Using an MRI scan, doctors can tell what a healthy brain looks like and what a dysfunctional one looks like – then use the differences to assess the problem. A company out of Massachusetts has developed technology that basically amounts to an MRI scan for the entire Internet. Akamai’s real-time visualization of web traffic allows users to get an overview of networks across the world, and use it to pick out anything from the most connected city to the most likely country of origin for network attacks.
"Its easy to take for granted that the Internet will always be on, and always working," said Tom Leighton, co-founder and chief scientist of Akamai, in a statement. “Reality shows us that there are many factors, on any given day, degrading the Internet’s performance. Some are malicious, and some are the result of the incredible amount of content being requested at any one time. Akamai is in a unique position to monitor the Internet in real-time, identifying where and when the Internet is being taxed.”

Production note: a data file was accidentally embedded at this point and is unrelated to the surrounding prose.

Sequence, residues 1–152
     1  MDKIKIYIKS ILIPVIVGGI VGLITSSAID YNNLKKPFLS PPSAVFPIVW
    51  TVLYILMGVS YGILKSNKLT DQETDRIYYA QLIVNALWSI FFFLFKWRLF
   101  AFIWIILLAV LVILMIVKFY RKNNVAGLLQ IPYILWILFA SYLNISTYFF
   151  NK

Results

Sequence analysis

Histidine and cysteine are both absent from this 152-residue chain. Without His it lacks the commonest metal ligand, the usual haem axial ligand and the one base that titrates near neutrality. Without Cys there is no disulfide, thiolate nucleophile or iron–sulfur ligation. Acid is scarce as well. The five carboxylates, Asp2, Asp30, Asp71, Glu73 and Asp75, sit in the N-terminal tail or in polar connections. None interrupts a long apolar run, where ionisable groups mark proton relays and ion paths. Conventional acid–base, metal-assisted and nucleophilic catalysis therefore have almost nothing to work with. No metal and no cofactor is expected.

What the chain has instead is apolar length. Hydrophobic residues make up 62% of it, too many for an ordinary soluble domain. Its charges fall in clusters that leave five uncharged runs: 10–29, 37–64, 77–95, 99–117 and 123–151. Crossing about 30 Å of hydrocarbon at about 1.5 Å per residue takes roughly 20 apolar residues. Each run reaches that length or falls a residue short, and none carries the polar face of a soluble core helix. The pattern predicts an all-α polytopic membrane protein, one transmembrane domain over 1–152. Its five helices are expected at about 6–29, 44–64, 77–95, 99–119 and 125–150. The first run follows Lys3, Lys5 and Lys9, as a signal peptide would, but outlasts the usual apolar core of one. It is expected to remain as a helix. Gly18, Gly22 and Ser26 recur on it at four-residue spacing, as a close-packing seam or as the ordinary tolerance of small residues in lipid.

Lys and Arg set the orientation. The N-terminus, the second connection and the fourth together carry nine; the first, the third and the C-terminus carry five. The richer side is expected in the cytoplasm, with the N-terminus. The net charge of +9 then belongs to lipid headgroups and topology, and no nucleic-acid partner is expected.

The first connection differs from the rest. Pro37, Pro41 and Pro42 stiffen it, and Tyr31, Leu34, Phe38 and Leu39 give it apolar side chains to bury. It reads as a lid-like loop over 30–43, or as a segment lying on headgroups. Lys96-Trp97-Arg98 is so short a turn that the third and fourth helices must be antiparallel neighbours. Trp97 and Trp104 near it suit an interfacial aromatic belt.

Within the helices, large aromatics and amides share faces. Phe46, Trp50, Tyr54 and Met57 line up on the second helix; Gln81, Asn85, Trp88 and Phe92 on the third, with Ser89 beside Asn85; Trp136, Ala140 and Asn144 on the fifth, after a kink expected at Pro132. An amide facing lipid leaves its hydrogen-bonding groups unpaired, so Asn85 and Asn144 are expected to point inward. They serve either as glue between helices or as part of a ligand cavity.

In order to get an accurate view of Internet bottlenecks, the company had to make sure their own data wouldn’t get stuck in them. Akamai uses a distributed computing platform of over 25,000 computers in more than 750 cities to acquire the data that is processed into the visualization. The maps can be flipped through different modes to look at separate sets of data. For instance, their real-time web monitor can be set to show traffic, latency, or attacks broken down by country or state. All of Akamai’s visualizations are available for free at the company’s Web site.
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